Sunday, 1 March 2015

The Insect Farm by Stuart Prebble

It wasn’t just the arresting cover image that drew me towards reviewing this book (although the bloody butterfly on the Alma books addition is certainly quite striking). It was more the promise of a psychological drama centring around something as innocuous as an insect farm which really intrigued me. 

The focus of the story is on two brothers who are each consumed by an obsession. Jonathan is head over heels in love with his girlfriend Harriet, and he fights on a daily basis to control the jealously he feels when her beauty and talents are admired by more than just him. His older brother Roger’s obsession is the infect farm he has built from scratch in their parents shed which houses millions of tiny insects. 

Following the sudden and mysterious death of their parents, Jonathan’s life is altered forever when he is forced to return from university (away from his beloved Harriet)  to take on the full time care of Roger, who lives in his own little world.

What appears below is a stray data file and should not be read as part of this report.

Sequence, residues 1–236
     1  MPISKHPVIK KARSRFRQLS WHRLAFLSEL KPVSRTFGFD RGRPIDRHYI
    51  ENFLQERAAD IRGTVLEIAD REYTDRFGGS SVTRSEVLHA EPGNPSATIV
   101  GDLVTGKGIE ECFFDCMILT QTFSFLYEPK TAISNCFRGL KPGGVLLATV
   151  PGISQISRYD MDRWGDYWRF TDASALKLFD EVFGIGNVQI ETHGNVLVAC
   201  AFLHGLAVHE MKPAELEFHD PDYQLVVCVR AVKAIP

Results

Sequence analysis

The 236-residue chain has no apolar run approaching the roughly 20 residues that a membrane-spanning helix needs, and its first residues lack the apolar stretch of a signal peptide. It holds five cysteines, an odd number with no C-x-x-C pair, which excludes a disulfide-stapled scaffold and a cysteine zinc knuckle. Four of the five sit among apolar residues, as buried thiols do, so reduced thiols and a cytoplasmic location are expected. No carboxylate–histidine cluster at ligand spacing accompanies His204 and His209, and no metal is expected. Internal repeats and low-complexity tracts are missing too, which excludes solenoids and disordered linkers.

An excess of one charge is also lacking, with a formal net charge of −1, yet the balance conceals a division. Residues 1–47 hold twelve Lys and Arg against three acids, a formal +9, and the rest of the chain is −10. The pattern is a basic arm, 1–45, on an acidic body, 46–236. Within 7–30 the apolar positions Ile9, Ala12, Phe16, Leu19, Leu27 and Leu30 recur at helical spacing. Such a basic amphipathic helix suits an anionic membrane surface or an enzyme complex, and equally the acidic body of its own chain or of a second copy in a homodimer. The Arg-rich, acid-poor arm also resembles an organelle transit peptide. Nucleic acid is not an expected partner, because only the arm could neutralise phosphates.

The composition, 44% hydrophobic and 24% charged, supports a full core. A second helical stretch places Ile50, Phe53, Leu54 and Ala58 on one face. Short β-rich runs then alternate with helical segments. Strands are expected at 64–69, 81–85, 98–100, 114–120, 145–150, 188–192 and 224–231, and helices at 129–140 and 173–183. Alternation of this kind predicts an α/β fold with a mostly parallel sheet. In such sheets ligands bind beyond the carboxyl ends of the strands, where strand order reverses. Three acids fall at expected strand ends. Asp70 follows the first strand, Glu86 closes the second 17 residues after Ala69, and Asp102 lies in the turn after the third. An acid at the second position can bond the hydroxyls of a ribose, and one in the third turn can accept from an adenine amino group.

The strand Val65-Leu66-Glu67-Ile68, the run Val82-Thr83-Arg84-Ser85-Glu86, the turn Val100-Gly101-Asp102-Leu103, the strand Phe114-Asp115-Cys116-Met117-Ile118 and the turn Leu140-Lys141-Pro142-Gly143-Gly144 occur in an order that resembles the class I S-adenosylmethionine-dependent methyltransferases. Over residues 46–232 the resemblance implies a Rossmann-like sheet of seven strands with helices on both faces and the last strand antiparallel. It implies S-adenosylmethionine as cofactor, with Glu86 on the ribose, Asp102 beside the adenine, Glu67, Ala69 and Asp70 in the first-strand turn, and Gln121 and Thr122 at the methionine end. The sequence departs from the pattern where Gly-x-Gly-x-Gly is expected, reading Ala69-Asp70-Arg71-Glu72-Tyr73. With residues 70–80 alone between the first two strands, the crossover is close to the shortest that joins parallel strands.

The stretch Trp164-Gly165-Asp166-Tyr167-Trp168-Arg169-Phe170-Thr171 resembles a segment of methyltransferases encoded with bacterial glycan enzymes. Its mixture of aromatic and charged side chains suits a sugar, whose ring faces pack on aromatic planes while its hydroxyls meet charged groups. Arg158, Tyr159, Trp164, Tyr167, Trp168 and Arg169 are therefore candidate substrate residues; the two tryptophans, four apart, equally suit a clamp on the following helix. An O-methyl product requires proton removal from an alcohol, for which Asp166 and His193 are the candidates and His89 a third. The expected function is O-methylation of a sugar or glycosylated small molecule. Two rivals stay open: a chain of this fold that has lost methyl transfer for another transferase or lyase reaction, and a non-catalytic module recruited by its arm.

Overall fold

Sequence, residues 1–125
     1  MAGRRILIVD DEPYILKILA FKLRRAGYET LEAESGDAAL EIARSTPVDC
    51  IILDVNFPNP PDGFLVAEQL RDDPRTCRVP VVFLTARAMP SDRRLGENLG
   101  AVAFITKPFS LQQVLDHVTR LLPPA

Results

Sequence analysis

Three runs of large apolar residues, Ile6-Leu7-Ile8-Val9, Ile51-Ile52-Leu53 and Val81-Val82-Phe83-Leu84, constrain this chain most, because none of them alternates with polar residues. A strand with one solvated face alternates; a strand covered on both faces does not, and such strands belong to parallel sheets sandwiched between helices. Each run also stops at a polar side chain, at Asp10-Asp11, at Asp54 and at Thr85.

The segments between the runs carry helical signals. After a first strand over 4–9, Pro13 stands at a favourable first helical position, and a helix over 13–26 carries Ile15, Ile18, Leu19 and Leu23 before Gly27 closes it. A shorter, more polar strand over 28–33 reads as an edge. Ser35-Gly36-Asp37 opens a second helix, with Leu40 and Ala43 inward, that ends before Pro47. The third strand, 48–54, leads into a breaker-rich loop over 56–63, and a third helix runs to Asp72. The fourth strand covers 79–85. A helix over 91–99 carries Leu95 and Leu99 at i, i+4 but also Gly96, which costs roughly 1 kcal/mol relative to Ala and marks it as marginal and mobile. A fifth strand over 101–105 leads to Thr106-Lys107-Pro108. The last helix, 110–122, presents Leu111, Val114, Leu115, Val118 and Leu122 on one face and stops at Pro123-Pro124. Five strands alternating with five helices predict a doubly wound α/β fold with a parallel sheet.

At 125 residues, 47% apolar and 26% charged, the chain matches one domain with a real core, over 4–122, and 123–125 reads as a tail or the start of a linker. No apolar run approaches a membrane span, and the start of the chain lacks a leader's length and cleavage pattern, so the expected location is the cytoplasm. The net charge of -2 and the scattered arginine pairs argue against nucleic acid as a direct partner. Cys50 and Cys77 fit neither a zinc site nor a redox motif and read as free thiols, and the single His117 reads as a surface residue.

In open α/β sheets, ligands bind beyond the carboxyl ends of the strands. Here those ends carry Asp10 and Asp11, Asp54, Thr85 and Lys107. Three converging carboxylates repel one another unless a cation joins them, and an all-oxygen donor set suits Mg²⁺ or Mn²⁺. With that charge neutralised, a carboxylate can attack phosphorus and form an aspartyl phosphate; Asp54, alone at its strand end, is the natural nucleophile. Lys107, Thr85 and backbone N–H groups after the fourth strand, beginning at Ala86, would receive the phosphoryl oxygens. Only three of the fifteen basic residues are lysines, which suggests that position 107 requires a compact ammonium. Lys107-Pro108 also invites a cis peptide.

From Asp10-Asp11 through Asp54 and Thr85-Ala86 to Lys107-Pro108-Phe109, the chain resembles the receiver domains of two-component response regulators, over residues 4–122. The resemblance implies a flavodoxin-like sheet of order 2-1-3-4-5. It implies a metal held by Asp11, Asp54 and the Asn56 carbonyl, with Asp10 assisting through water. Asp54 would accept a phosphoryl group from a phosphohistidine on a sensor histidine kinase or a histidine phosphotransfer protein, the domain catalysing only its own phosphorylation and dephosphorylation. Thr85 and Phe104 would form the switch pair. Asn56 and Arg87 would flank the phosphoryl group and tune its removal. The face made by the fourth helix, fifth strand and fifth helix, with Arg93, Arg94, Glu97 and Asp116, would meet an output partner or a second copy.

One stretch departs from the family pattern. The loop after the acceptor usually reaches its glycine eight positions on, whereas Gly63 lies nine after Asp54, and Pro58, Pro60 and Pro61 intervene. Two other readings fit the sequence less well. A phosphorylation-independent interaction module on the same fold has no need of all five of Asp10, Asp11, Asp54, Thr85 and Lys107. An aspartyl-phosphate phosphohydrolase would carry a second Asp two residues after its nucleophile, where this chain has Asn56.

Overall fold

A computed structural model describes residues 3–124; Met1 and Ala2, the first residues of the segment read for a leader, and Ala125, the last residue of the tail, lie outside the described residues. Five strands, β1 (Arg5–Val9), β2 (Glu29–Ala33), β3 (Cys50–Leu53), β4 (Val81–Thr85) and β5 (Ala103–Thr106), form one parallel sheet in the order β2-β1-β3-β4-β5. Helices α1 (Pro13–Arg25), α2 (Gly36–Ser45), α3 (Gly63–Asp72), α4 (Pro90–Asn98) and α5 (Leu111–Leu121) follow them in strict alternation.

If that wasn’t earth-shattering enough, another violent death affects them and turns Jonathan’s regular routine upside down as he tries to save face with police and his acquaintances, all the while Roger seems oblivious to anything but his insect farm. 

A tense psychological drama was promised in the press release and it seriously surpassed all my expectations in its delivery. Jonathan and Roger were so well depicted and their relationship is a touching and multifaceted one that fuels the emotive side of the story. 

To me, they almost stopped being characters and became real people, with a genuine Jonathan accounting events from his (and Roger’s) lives. Being told from Jonathan’s perspective you really become absorbed in his feelings; the worry, the doubt, the desperation; which adds to the story even more.

With Roger’s character, the book touches on the issue of mental health. However I thought that rather than having a set message played out using the theme of mental health, the subject is more explored through Roger’s character, his interaction with the world around him and his relationship with his brother throughout the events that occur; all of which were tactfully and artfully portrayed in the prose. 

The more disturbing trials in the book are all cleverly plotted to the add tension, uncertainty and suspense that really made this book unputdownable. The Insect Farm is a brilliantly devised novel fraught with drama and originality that will captivate any reader willing to give this book a chance. 

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